I feel myself changing day by day in Morocco. I know most people would say that living in another country for two months can’t really change a person down to their core, but I completely disagree.
Physically, the changes are easier to see. I tend to describe myself as one giant flesh wound these days, because I have had one cut after another since coming here. I have cuts covering my hands from falling down the stairs one day, cuts across the back of my calves from the hike, huge bloody blisters covering my feet, and random cuts and scrapes from day to day life. I’ve also lost a lot of weight from small portions, no preservatives or artificial foods, and constant exercise from belly dancing, hiking, and walking everywhere in the scorching heat [today it was nearly 120F!] My face is tan from Rabat, although I’m sure my whole body will be even darker after this weekend in Asilah. I have brown-orange henna covering both of my hands and arms, and sandal tan-lines on my feet.
The internal changes are more subtle than all that, and far more complex. When I came here, I was so set on my plan that it was completely inflexible to change in any way. I’m still completely dedicated to my plan, and living in the Middle East this summer has made me sure that this is actually what I want to do, but I’m also open to the idea of serendipity. Perhaps something else will pop up that is just as fabulous as what I’m planning. I’ve also amended the plan to a certain extent, adding French and Hebrew to the list of languages I want to master. My attitudes about America have all been challenged by the things I have seen and done here. I realize how incredibly lucky I am to live in the States through my experiences here in Morocco. I would like to think that I’m braver than I was when I first arrived. The first few days here, the thought of taking a train to a random town in Morocco with no set plan would have terrified me, but now I’m anxiously awaiting our free weekend when Ben and I are going camping/sightseeing- as of yet we have no real agenda: camping in the Atlas, a night in the Sahara, maybe a day trip to Marrakesh. I’m so excited by the idea of gallivanting across an entire country in search of an adventure. I’m definitely more observant, as I try to absorb everything I see and do here; but still, everyday, I notice a building or landmark that I had never noticed before. I told the girls the other day that I feel like I could stay in Meknes for years and still not see everything, and I know it’s true. Some people are bored of it here already, but I can’t imagine ever not being enthralled by every aspect of life here. Even though I’m way more restricted in the things I do and the places I go, I absolutely love it. I’m also learning so incredibly much. Taban, I’m learning an insane amount of Arabic in class, but it’s so much more than that. I’m learning about things I never thought I would from the other kids here. I never knew anything about Judaism before I came here, and everyday Ben teaches me something new and interesting. Listening to Brigid talk about her travels and experiences abroad gives me an idea about the world I never had. Everyone brings something to the table and everyone here enriches me and makes me better in some way, even those that I don’t particularly care for. It all just fuels the fire in me, the desire to travel and see and do everything. Even when I’m totally confused and making a fool out of myself in Arabic class, I know that I am one of the lucky ones. I know that I would never trade this experience for anything. Finally, I’m not taking a single thing for granted. When I go to the bathroom and see that there is toilet paper, I rejoice- as opposed to complaining when there isn’t any. When I walk into a store and there’s air conditioning, I’m ecstatic; whereas the first few days we were here we were appalled when there wasn’t air conditioning anywhere. Every experience I have, I’m so grateful for and so amazed by. The other night as Addison and Michael and I settled in for our stay on the roof, I said, “Who ever would have thought I’d be on a roof in Morocco listening to Dane Cook?” The randomness of it all thrills me. Today, Julia, Lauren, Megan and I sat in the car for 30 minutes as our Intermediate Arabic professor loaded bricks into our trunk in the Zitoun. When I was imagining what Morocco would be like, I never pictured any of this random, seemingly mundane stuff, but it’s exactly that which makes this trip so exciting for me. Maybe I’m weird for that, but I love it. After all, not everyone can say that they belly danced on a bus with grass on the floor, to a song they didn’t understand the words to, as it zoomed across the desert en route to Ifrane. How amazing is life? How incredible, how invaluable, are these days here in Al-Maghreb?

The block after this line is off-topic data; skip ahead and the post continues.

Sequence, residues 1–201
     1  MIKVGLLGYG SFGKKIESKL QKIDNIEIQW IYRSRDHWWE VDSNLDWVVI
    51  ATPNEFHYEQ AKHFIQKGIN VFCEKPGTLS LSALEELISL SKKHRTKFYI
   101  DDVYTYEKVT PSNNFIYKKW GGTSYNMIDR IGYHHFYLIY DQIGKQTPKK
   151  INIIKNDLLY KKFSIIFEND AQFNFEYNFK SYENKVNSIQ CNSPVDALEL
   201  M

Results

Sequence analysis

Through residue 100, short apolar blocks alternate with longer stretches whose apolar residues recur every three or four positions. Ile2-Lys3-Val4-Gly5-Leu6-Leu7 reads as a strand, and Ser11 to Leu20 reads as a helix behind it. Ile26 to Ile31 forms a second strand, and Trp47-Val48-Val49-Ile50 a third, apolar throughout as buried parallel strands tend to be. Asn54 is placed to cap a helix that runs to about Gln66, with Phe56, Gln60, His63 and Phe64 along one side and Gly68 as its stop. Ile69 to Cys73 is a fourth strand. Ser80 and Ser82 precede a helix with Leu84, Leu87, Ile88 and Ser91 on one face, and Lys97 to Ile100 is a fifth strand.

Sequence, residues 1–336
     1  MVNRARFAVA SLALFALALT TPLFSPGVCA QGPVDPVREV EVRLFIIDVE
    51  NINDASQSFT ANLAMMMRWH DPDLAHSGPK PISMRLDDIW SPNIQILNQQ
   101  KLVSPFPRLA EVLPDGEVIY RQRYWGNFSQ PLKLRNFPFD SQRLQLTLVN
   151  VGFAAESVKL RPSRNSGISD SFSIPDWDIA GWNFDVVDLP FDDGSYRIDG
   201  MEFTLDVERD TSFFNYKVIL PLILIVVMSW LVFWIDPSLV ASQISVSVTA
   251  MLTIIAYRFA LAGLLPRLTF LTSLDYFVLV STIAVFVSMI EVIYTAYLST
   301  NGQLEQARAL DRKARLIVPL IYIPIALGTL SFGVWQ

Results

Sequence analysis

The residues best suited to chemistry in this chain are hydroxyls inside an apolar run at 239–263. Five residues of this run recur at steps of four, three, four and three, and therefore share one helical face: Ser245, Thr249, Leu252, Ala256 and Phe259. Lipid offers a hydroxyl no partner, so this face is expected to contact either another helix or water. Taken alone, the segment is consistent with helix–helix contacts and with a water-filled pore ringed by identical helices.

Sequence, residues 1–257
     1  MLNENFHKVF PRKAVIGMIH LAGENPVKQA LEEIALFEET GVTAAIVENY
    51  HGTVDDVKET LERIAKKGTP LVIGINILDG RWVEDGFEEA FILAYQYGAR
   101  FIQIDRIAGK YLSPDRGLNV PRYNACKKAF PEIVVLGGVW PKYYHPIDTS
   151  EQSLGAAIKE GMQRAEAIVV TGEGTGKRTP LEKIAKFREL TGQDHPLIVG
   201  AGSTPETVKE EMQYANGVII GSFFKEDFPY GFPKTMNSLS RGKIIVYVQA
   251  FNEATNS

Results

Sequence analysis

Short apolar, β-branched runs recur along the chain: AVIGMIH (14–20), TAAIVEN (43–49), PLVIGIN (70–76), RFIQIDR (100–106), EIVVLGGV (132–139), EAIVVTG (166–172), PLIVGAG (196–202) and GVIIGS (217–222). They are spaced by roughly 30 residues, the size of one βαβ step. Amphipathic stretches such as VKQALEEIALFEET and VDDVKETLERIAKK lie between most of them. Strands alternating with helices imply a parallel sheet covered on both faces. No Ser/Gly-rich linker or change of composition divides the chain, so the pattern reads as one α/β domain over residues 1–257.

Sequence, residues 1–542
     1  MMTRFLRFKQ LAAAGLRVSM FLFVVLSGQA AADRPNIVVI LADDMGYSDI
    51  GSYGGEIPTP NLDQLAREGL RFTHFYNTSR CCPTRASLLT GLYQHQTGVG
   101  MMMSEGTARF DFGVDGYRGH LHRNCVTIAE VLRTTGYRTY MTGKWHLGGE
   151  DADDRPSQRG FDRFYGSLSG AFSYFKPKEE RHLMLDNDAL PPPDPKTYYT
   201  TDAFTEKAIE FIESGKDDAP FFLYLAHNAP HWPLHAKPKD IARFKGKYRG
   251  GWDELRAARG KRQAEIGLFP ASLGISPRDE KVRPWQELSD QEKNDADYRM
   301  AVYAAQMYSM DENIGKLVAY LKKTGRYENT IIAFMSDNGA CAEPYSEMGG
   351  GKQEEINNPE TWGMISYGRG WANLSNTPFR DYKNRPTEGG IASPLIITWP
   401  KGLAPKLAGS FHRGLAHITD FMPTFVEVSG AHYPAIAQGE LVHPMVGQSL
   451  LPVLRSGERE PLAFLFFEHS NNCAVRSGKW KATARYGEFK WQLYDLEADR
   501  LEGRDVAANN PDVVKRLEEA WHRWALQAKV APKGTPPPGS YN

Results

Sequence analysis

With all that mushy stuff out of the way, today was pretty uneventful. We went to belly dancing class in the morning and the teacher finally complimented me on something that I did- a first! Maybe I’m finally starting to loosen up a little bit, although I have to say, the lack of structure in belly dancing makes me yearn for the technique and rigidity of cheerleading. I’ve been really tired for the past few days, and am actually really convinced that I do, in fact, have mono. But what’s a girl to do? No choice but to tough it out; it could be worse. Arabic class was alright- a little nerve-wracking, as always, but I know it will all be worth it when I go back to UA and know what I’m doing. People here are starting to get on each other’s nerves and tension is starting to develop, but even so, I know I will miss all of these people when we leave. it’s impossible not to after sharing an experience like this one. I’ll even miss the random crap Jared pipes up with out of nowhere…”We wanted to save kilos and kilos of pure Moroccan cat.” But I’m done thinking about leaving for now, I still have somewhere around two and a half weeks here, and I’m going to suck everything I can out of those two weeks. Uhebu al-Maghreb wa kulu al zumala-i.
I’m gonna head to the medina for a concert- goodnight, all!

Salaam wa hubb,